The Australians spent Christmas Day patrolling forward in concert with Royal Australian Air Force Boomerang fighters from No. 4 Squadron RAAF carrying out reconnaissance flights ahead of their position. Throughout the evening, the Japanese launched an attack against one of the Australian companies, but this was turned back by the defenders. For several days, the Australian battalion commander formulated a plan to capture Pearl Ridge, possession of which would enable the Australians to block Japanese attempts to approach the main Allied base around Torokina, and would disrupt the movement of Japanese troops along the north–south axis of the island, hindering their ability to reinforce isolated pockets.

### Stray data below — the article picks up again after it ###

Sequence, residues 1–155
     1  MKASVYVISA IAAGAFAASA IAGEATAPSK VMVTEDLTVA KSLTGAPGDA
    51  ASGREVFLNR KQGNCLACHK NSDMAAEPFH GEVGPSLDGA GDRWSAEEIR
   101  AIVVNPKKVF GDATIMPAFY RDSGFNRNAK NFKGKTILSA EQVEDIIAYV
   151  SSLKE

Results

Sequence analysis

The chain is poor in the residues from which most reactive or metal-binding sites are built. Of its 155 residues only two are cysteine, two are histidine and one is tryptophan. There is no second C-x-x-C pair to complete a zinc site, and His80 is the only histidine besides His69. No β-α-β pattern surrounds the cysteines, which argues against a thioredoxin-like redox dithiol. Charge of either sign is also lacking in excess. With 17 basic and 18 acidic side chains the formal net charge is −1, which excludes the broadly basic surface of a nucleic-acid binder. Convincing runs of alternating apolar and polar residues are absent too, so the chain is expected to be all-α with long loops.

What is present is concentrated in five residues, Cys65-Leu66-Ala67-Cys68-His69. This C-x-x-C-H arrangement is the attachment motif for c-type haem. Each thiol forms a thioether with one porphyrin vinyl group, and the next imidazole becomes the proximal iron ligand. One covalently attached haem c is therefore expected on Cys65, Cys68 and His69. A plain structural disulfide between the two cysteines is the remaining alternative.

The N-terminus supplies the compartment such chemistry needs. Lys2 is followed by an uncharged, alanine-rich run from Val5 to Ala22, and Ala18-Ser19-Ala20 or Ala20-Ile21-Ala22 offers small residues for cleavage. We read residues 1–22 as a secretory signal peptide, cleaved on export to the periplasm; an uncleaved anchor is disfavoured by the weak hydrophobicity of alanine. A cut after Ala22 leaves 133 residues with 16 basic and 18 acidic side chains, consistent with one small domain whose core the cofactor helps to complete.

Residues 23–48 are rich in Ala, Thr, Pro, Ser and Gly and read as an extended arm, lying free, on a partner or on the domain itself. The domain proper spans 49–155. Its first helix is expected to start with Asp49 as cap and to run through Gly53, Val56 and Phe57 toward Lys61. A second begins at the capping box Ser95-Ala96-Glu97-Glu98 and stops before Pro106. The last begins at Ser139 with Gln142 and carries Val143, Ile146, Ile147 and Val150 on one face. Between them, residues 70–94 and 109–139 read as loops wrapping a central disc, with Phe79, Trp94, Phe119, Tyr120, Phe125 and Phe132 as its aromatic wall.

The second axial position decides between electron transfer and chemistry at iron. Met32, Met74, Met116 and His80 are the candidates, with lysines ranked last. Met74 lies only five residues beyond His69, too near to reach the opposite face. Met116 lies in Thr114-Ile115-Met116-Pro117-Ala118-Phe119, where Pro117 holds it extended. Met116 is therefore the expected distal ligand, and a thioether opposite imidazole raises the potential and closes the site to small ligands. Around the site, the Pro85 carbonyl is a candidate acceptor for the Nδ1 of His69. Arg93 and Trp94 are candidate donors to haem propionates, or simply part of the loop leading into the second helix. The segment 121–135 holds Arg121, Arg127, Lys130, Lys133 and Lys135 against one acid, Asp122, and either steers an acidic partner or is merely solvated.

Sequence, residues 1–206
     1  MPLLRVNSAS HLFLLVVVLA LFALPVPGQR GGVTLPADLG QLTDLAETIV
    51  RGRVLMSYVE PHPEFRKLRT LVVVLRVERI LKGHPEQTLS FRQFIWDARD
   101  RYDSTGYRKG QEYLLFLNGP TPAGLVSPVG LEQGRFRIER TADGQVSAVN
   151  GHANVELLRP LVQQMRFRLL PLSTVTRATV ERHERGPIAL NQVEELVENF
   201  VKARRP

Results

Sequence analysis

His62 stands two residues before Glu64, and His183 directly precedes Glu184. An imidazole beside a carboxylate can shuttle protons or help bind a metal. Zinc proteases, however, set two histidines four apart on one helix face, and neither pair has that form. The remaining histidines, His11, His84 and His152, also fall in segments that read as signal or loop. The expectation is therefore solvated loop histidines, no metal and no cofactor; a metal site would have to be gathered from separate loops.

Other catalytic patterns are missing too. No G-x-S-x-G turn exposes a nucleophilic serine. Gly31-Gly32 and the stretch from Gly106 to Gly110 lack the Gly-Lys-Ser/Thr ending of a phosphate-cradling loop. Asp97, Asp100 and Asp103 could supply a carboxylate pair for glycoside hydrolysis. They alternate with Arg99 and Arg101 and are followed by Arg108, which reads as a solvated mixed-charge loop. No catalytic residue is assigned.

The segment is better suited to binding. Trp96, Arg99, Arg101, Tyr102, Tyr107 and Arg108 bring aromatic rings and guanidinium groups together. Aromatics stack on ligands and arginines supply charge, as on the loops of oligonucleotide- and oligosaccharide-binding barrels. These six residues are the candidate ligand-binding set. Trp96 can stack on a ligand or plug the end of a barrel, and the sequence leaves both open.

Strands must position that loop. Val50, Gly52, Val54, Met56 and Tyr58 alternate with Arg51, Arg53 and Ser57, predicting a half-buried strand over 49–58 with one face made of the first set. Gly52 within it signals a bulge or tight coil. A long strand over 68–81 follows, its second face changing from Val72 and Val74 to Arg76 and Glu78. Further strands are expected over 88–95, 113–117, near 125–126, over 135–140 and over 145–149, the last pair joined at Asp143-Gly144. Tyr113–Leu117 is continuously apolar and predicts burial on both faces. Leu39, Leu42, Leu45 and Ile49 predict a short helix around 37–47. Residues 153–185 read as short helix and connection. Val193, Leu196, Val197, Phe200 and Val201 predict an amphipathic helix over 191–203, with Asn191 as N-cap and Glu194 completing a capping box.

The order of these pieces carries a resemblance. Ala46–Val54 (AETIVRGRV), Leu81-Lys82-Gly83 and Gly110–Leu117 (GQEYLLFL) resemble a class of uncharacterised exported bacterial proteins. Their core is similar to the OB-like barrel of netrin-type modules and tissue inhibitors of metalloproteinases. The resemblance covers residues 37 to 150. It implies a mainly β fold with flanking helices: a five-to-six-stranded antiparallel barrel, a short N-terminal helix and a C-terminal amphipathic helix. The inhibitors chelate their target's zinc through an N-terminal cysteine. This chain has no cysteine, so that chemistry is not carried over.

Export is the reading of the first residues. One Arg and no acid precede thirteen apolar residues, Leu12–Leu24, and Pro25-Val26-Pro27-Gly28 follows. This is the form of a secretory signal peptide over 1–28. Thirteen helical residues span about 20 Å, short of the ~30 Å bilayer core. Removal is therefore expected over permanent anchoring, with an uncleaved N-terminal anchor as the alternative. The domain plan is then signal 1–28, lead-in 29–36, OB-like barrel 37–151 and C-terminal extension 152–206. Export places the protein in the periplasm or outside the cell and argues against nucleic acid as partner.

Believing that the ridge was held by two understrength companies from the Japanese 81st Infantry Regiment—approximately 80–90 men—who had withdrawn there after the fighting on Little George and Artillery Hill, the Australians decided to commit only a battalion to capture it. On the morning of 30 December, after 40 minutes of airstrikes from Royal New Zealand Air Force Corsairs, who had been guided onto their targets by RAAF Boomerangs, the roughly 800-strong 25th Battalion carried out an attack supported by artillery and machine gun fire with four companies advancing across a 1,000-yard (910 m) frontage stretching across the ridge. Unbeknown to the Australians, however, the two companies from the 81st Infantry Regiment had been reinforced by men from the Japanese 38th Independent Mixed Brigade under Major General Kesao Kijima and they actually numbered 550. They had heavily fortified the ridge, establishing a series of bunkers and pillboxes between weapons pits that were linked with trenches. However, due to the steep terrain, they were only able to move three mortars onto the position, and there were no other heavy weapons. They were also unable to haul bulk water to the position, and had to rely on constant resupply by foot.